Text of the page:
Student Chapters: Getting Started
A Student chapter serves as a gateway to forums, panel discussions, and symposia that further a student's professional development. Preparation and presentation of technical reports and papers and cooperative efforts on research projects allow students to test their technical expertise.
* Entries made during the application process may be saved and completed at a later time by visiting the URL sent to the chapter email address.
Step 1: Enter chapter name, chapter email address, chapter type, and chapter sub-type.
Step 2: Enter the names of the individuals to serve as Chair, Vice Chair and Treasurer. These individuals must be ACM Student Members. In addition, a Faculty Sponsor with an ACM Professional Membership is required.
Step 3: Enter chapter contact information (postal address and phone number).
Step 4: Enter the names of at least ten (10) individuals willing to carry out the chapter's mission and participate in activities. A CSV file (comma-separated values) containing the last name, middle initial, first name, and email addresses of these members will be required through the automated chartering application.
Example: "Doe","John","firstname.lastname@example.org"You may enter each member name individually.
Once the completed application is submitted, it will be reviewed by the Local Activities Manager within 5-7 business days.
FOR UNITED STATES CHAPTERS: The IRS requires chapters operating in the United States to have an Employer Identification Number (EIN). The EIN will serve as proof of a chapter’s nonprofit status and allow ACM to include the chapter in our annual group filing with the IRS. ACM will request an EIN on your behalf which you will receive upon chartering.
Written by leading domain experts for software engineers, ACM Case Studies provide an in-depth look at how software teams overcome specific challenges by implementing new technologies, adopting new practices, or a combination of both. Often through first-hand accounts, these pieces explore what the challenges were, the tools and techniques that were used to combat them, and the solution that was achieved.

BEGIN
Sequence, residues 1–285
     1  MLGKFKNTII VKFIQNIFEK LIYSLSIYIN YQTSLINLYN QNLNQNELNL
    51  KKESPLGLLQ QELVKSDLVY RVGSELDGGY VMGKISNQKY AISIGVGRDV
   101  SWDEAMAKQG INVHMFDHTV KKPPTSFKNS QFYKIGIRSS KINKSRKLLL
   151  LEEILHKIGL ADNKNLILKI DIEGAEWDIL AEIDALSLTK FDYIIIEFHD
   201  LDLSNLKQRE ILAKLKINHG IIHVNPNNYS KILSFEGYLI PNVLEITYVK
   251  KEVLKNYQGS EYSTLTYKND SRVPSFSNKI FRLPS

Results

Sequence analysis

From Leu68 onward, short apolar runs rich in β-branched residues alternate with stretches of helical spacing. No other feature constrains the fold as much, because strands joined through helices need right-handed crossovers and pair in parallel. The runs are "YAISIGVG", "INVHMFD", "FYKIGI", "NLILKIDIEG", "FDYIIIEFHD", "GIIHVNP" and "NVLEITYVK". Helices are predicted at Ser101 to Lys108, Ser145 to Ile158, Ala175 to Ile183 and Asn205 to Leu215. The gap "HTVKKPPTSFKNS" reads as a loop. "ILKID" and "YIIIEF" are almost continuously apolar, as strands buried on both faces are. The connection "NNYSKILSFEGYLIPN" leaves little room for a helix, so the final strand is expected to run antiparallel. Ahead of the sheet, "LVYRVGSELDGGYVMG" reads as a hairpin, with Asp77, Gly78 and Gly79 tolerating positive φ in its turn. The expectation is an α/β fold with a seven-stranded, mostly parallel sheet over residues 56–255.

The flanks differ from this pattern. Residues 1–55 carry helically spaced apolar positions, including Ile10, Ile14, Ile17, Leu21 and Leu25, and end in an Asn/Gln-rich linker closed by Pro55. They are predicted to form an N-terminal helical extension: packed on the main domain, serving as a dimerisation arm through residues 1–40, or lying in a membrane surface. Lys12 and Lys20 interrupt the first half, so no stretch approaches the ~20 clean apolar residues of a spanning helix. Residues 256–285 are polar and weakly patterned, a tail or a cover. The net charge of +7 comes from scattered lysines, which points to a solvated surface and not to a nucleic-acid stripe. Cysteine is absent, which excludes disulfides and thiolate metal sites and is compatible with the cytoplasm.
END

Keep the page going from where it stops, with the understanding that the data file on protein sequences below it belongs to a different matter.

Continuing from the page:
ACM Queue’s “Research for Practice” consistently serves up expert-curated guides to the best of computing research, and relates these breakthroughs to the challenges that software engineers face every day. This installment of RfP is by Anna Wiedemann, Nicole Forsgren, Manuel Wiesche, Heiko Gewald, and Helmut Krcmar. Titled “The DevOps Phenomenon,” this RfP gives an overview of stories from across the industry about software organizations overcoming the early hurdles of adopting DevOps practices, and coming out on the other side with tighter integration between their software and operations teams, faster delivery times for new software features, and achieving a higher level of stability.
Why I Belong to ACM
Hear from Bryan Cantrill, vice president of engineering at Joyent, Ben Fried chief information officer at Google, and Theo Schlossnagle, OmniTI founder on why they are members of ACM.